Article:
• MYTH: Lower administrative costs.

    As noted above, a revocable living trust can include legal and/or administrative fees that can add up. These costs may be less or more than the costs associated with creating and probating a Will. Despite some disadvantages and myths associated with a revocable living trust, many find that this basic estate planning tool is an excellent and flexible complement to a Will and other planning documents.

Preparing for Your Meeting with an Estate Planning Attorney; Article by Morgan Stanley and provided courtesy of Morgan Stanley Financial Advisor.

H. Michael Okby is a Financial Advisor with the Wealth Management division of Morgan Stanley in Saratoga Springs, NY.  Morgan Stanley Smith Barney LLC (“Morgan Stanley”), its affiliates and Morgan Stanley Financial Advisors or Private Wealth Advisors do not provide tax or legal advice.  Clients should consult their tax advisor for matters involving taxation and tax planning and their attorney for matters involving trust and estate planning and other legal matters.  The information contained in this article is not a solicitation to purchase or sell investments. Any information presented is general in nature and not intended to provide individually tailored investment advice. The strategies and/or investments referenced may not be appropriate for all investors as the appropriateness of a particular investment or strategy will depend on an investor's individual circumstances and objectives.  Investing involves risks and there is always the potential of losing money when you invest. The views expressed herein are those of the author and may not necessarily reflect the views of Morgan Stanley Smith Barney LLC, Member SIPC, or its affiliates.   

Morgan Stanley Smith Barney LLC does not accept appointments, nor will it act as a trustee but it will provide access to trust services through an appropriate third party corporate trustee.

This material has been prepared for informational purposes only. Information contained herein is based on data from multiple sources considered to be reliable and Morgan Stanley Smith Barney LLC (“Morgan Stanley”) makes no representation as to the accuracy or completeness of data from sources outside of Morgan Stanley.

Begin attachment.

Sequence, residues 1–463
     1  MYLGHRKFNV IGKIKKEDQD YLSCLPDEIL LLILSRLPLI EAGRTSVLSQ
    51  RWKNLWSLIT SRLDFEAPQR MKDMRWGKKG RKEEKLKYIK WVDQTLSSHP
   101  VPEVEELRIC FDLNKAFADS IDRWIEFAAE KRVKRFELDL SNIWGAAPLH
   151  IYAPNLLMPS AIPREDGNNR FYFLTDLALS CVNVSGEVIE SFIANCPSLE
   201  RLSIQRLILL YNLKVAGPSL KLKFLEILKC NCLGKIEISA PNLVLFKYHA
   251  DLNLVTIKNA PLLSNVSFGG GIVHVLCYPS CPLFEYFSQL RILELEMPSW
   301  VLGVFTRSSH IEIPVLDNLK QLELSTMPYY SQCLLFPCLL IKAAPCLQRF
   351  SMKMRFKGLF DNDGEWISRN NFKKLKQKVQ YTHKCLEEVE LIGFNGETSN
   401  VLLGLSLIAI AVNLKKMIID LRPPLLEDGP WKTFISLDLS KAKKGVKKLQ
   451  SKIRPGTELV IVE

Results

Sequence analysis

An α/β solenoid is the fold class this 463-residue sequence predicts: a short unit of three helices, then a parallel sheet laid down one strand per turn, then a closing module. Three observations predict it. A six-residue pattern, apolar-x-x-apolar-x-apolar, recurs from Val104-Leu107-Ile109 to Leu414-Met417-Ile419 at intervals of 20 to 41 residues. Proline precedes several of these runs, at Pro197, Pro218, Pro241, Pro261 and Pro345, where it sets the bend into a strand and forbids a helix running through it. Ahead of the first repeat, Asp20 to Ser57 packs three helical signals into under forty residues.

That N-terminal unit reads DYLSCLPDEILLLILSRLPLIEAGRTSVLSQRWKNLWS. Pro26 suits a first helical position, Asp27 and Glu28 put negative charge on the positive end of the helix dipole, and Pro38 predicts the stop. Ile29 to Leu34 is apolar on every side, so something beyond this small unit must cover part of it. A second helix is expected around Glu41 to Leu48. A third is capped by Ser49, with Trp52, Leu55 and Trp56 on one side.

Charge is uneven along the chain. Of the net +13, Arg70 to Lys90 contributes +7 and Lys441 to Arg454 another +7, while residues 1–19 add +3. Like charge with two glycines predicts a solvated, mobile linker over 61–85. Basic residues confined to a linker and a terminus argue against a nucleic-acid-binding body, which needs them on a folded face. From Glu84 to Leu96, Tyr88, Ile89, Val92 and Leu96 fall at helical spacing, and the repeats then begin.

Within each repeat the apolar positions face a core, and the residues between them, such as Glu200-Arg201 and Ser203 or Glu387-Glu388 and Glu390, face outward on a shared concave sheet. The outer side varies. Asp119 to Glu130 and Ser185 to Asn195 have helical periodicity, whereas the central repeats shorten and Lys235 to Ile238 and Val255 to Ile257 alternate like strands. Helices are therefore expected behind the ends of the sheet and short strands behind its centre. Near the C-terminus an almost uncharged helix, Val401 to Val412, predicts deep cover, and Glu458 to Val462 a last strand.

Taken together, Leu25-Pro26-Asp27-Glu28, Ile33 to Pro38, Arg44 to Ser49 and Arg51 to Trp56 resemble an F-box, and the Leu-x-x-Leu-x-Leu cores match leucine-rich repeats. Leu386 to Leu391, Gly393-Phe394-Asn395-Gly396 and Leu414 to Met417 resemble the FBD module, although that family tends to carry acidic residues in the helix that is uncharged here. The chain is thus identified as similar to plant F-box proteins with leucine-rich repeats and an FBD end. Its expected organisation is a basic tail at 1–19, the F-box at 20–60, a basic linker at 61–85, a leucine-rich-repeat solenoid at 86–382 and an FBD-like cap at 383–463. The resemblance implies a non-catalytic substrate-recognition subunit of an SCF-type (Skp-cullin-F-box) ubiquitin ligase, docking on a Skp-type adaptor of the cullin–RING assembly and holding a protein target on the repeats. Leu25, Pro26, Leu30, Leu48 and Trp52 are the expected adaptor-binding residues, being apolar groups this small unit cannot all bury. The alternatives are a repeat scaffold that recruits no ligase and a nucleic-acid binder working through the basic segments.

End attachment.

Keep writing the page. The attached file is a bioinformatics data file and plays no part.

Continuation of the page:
Trusts are not necessarily appropriate for all clients. There are risks and considerations which may outweigh any potential benefits. Establishing a trust will incur fees and expenses which may be substantial. Trusts often incur ongoing administrative fees and expenses such as the services of a corporate trustee or tax professional.

The trust services referenced herein are provided by the third parties listed who are not affiliated with Morgan Stanley. Neither Morgan Stanley nor its affiliates are the provider of such trust services and will not have any input or responsibility concerning a client’s eligibility for, or the terms and conditions associated with these trust services. Neither Morgan Stanley nor its affiliates shall be responsible for content of any advice or services provided by the unaffiliated third parties listed herein. Morgan Stanley or its affiliates may participate in transactions on a basis separate from the referral of clients to these third parties and may receive compensation in connection with referrals made to them. CRC 5686183 5/2023